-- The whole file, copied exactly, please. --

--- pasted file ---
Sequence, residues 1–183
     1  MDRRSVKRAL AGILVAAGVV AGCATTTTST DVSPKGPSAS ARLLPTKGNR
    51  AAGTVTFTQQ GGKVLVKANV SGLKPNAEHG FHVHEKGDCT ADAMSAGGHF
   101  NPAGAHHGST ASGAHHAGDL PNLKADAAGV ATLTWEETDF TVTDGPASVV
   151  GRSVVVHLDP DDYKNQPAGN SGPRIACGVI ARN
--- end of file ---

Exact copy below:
Sequence, residues 1–183
     1  MDRRSVKRAL AGILVAAGVV AGCATTTTST DVSPKGPSAS ARLLPTKGNR
    51  AAGTVTFTQQ GGKVLVKANV SGLKPNAEHG FHVHEKGDCT ADAMSAGGHF
   101  NPAGAHHGST ASGAHHAGDL PNLKADAAGV ATLTWEETDF TVTDGPASVV
   151  GRSVVVHLDP DDYKNQPAGN SGPRIACGVI ARN